Over the weekend, Red Cross volunteers canvassed tornado damaged neighborhoods in Beaufort, Chowan, Perquimans and Pasquotank counties distributing nearly 2,000 clean up and relief items. For more than a week the Red Cross has been helping tornado victims by providing shelter, clothes, food, and supplies while meeting individually with families to discuss recovery plans.
To date the Eastern NC Region of the American Red Cross has:
- Served 4,819 meals and snacks.
- Distributed 2,229 supplies including blankets, comfort kits with hygiene items, clean up kits and items including gloves, hand sanitizer, storage containers, sunscreen, bug spray, heavy duty trash bags, tarps, rope, duct tape, first aid kits, rakes.
- Opened 86 cases providing individualized support to 217 residents including direct financial assistance.
- Mobilized 147 disaster workers.
Here are a few stories of how the Red Cross is helping:
SOMEONE TO TALK TO For Duncan Blevins, the American Red Cross and other charitable organizations have been a Godsend. The tornado ravaged his neighborhood in Beaufort County, leaving destruction in its wake.
“I saw the tornado form and drop from the sky – it’s a horrible memory that I hope will someday go away,” said Blevins.
Blevins has found some comfort by speaking with Red Cross counselors. “I have been having trouble sleeping ever since the storm, but by having someone I can talk to, it has really helped a great deal. From neighbors, to church groups, to the Red Cross, the outpouring of support has been unbelievable.”
“I think today is the first time that I can laugh about some of this,” Blevins said. “At least I won’t need to buy firewood anytime soon!”
COMING THROUGH THE WINDOW Judy Durbin was sitting on her couch in Chocowinity, watching television with her dog, Sammy. In a matter of seconds and without warning, her life was turned upside down by a tornado.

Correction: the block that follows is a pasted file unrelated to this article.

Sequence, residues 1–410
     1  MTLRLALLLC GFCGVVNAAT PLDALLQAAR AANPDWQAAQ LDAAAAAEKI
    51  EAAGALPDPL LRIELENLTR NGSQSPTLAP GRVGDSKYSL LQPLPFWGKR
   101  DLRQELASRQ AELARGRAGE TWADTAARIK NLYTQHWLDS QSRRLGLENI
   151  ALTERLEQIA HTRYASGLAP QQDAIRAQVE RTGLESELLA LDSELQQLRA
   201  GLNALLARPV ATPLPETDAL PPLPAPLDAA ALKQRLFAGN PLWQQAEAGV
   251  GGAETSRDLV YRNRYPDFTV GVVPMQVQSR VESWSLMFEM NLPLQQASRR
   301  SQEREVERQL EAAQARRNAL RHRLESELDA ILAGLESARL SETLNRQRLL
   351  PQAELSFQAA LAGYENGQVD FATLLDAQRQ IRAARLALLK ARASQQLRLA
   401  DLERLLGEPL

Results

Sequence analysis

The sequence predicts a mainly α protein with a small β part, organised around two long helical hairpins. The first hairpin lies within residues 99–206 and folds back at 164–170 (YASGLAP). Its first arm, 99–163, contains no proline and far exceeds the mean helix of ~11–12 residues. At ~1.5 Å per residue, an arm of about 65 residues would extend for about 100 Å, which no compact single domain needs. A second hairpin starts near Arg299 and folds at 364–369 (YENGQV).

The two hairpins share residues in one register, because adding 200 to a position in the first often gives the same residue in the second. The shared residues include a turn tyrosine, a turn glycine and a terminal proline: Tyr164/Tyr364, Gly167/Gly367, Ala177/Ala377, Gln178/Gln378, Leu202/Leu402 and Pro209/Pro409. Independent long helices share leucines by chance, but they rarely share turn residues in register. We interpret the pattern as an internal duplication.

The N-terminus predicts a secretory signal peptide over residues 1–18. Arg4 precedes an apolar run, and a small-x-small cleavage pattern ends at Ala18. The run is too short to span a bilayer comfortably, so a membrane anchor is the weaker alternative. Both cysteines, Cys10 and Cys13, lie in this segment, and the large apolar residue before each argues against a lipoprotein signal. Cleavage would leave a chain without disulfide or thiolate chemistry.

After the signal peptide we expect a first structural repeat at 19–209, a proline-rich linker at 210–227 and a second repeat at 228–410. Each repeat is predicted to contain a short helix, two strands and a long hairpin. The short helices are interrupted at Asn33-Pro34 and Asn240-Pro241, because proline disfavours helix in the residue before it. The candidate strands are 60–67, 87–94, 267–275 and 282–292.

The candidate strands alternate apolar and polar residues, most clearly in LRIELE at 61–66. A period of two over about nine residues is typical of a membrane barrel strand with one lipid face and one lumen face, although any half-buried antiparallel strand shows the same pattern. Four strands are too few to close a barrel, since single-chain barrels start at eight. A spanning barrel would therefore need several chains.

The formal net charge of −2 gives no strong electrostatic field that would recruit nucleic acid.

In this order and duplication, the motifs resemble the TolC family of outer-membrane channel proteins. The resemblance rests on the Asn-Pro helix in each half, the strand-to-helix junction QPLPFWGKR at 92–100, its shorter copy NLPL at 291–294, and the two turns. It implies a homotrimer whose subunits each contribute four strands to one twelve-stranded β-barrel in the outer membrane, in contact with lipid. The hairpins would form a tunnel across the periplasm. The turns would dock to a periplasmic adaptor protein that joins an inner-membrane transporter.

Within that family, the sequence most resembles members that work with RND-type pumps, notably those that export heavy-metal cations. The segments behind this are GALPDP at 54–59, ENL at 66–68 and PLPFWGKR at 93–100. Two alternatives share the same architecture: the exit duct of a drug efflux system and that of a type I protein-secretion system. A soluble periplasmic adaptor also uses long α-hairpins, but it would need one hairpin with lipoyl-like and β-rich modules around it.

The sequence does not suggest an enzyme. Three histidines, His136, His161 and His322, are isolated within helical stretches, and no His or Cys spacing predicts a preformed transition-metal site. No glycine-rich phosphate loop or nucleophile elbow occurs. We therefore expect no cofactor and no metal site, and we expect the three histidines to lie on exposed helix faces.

“My power went out and the next thing I knew the windows blew in. It happened just that fast! I couldn’t wrap my mind around what was happening, and then it was gone,” she said.
The house had collapsed all around her, except the roof over her head and two windows behind her.
Durbin was sitting on her couch with Sammy held tightly in her arms, trying to figure out what had just happened, when her neighbor, Duncan, stepped in through what had until moments ago been a window. “Why are you coming through my window,” she recounted thinking.
This is the third time she has been assisted by the American Red Cross. During Hurricanes Floyd & Fran, she experienced severe flooding and the Red Cross was there to provide “just about everything we needed.” “I think a lot of the Red Cross,” Durbin said.
FROM BOARD MEMBER TO CLIENT As a Red Cross board member, Amy Ward is all too familiar with the Red Cross and the services the organization provides to people during disasters but never realized one day that she and her family would need those services. That was the day a tornado struck her subdivision in Washington, hitting both her father’s and her mother’s homes, while barely missing her house.
“You definitely don’t expect anything like this to happen. It really does change your perspective,” said Ward. “It is one thing to fundraise for disasters but when you are getting the assistance, it really brings it home.”
With less than five minutes warning, she and ten family members and friends huddled together in the downstairs bathroom while the tornado ravaged through their neighborhood.
Ward’s message to others: “It is important to know that you have resources. People don’t know enough about the services and organizations that are there in a crisis. You don’t have to do it by yourself; the American Red Cross will always be there to help.”
REBUILDING THE FAMILY HOME Caleb and Shirley Harris have lived in their house in Chowan County since they built it in 1957. They raised their children there and now their grandson lives there with them. However, the recent tornado took its toll on the house. The Harris’s and their grandson were all home when the tornado touched down on their property.
“It just came right in under the roof and tore up the back bedroom and then left to do damage to our buildings out back,” said Caleb.
The Red Cross stopped by the Harris’ to offer their support and provide the family with cleanup supplies as they worked to repair and rebuild their home. The family expressed their gratitude for the help from the Red Cross and community organizations.
HOW TO HELP People can help those affected by disasters like the NC tornadoes and countless other crises by making a donation to support American Red Cross Disaster Relief. An average of 91 cents of every dollar the Red Cross spends is invested in humanitarian services and programs like providing disaster relief. Donations enable the Red Cross to prepare for, respond to and help people recover from disasters big and small. Visit redcross.org, call 1-800-RED CROSS or text the word REDCROSS to 90999 to make a $10 donation.